In anyway, the pain of his love remained the same. Even though he betrayed her, he yearns for her since then with the same anguish, loves her with the same thirst. And he now has the rest of eternity to mourn for her.
I try to discern the two lovers of my myth, Jason and Hypsipyle. They must be here close to Orpheus, I reflect, and I am not wrong.
Here. In a sandy cove formed by the sloping cliff. And they move with the entire landscape to the divine rhythms of the melody.
I stand at the very edge of the damp moving landscape and watch. They do not see me; they cannot. The thirty-three centuries that separate us have become an opaque veil that covers them, protects them from the tides of later ages.
But I can see them. I can make out the slightest movement of their bodies, the anguish of their hands, their hopeless attempt not to give in without a struggle to a love so passionate it will annihilate them.
Because the happiness of love is at once crushing
Hypsipyle already knew from her nurse, Polyxo, who had the gift of seeing the future, that she would fall in love with him from the first moment. That this powerful man who came to the island by happenstance on a wintry morning was the fate in her life. She also knew that she would have two sons by him and that later he would leave her to continue his voyage to Colchis. Polyxo had seen it all, and told her everything. And Hypsipyle knew that Polyxo was never wrong.
But she, no, she said stubbornly each time. I will overcome that fate, she told herself, I will never show him how much I love him, no… no…
Polyxo would shake her head.
No one can overcome fate, she would respond, no one has ever overcome it; that is the fate of mortals.
Her obstinacy increased. Her pride.
I will not accept that he abandons me one day. Let him leave; let him leave right now, let him sail away, the storm has subsided; they came to the island for two days and they are still here.
Such words did she say to her nurse Polyxo. But at this moment, here next to the sloping cliff, her eyes and heart say something different. She fears that he may leave without taking her even once into his arms. She trembles at the thought. Yet she remains obstinate.
There was a royal summer house where she went with her father, Thoas, in happier days, before the act of blood and before she helped him escape by sea in a basket on the night of the savage massacre.
And today, for the first time since then, she came here again.
I notice her fingers that painfully grasp the rock in order not to touch his extended hand.
They are whispering words I cannot hear. Words of love, certainly, from him; words of pride from her.
I try to come closer. As the landscape moves with me I find myself almost beside them. Now I see them up close. If I stretch out my hand I feel that I will touch them. But I don’t do that. The moment I am experiencing is fragile. A moment upright over the abyss. She is wearing a short white mantle fastened with a gold brooch on the left shoulder. Her sandals are tied high on her shapely leg. Her hair is tied up, like Persephone’s. And around her head is a finely wrought garland in the shape of a vine shoot.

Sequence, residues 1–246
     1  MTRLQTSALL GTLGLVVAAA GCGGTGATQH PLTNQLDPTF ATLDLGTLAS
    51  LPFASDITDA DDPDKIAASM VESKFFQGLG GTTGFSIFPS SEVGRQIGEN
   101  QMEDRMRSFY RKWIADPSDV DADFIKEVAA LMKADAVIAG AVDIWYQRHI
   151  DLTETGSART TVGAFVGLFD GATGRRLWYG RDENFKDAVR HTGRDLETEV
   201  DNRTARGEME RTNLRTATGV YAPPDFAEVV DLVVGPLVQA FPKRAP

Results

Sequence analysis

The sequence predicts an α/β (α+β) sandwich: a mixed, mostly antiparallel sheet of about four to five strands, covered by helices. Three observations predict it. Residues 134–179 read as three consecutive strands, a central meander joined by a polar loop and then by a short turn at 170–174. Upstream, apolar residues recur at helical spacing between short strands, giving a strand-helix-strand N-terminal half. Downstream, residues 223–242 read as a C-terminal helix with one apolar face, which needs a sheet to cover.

He is wearing an expensive short tunic and leather sandals laced up to his bare knee. His eyes shine as if inhabited by suns. And his lips are erotic, thirsty to touch hers. His strong and proud body smells sweetly of long voyages and sea winds and she inhales it with trembling.
I am trying to hear their voices. But my glance remains unmoving on Orpheus, who is now playing softly on his lyre. I am terrified that the image will disappear into the depths of the millennia from which it emerged. And I prick up my ears to hear their voices — I want that more than anything.
“You are free to leave the island; the winds have let up and the Argo waits for you on a calm sea to continue your voyage to Colchis…”
Her voice. So clear. As if not one speck fell on her from the flow of the stars and the solitary moonlight.
“I love you and only on your body will I find the voyages I dreamed of; your body for me now encompasses all the seas, those that open the path to life and to death. And I have no other path other than my love for you…”
It is still raining. The knit jacket I am wearing is damp and saltiness drips from my hair, but I do not move. The fall day is ending. The moving landscape that a short time ago danced, enchanted, to the rhythms of the Orphic lyre is slowly calming down. I look on it for the signs of the fissures out of which life past had emerged. A raw piece from life abolished. But I see nothing. Time heals the fissures. Or else, time fears the fissures. Just as nature fears the void. Nothing. Only a salty odor of sea-cliff wafts in the air.
Orpheus is gone. Gone are the two lovers with their immovable fate. The sloping sea-cliff where the divine singer was standing shortly before is deserted now.
Only the seaweed still gives off the moist odor of saltiness, and the seagulls write their carefree tracks on the huge beach.
I look around. It’s as if solid reality was never fractured, I reflect. As if the thirty-three centuries never moved to the side of love.
And yet it did fracture. And no one can doubt that. And all the centuries together moved toward the side of love.
Because only love can conquer the thousands of years and bloom with life.
But now, I reflect, I had better start my myth from the beginning.
From the blood.
Blood is the beginning of the story that entrapped me.
First the blood, then. Or rather first I will take off the wet jacket I am wearing and dry my hair of the primeval saltiness.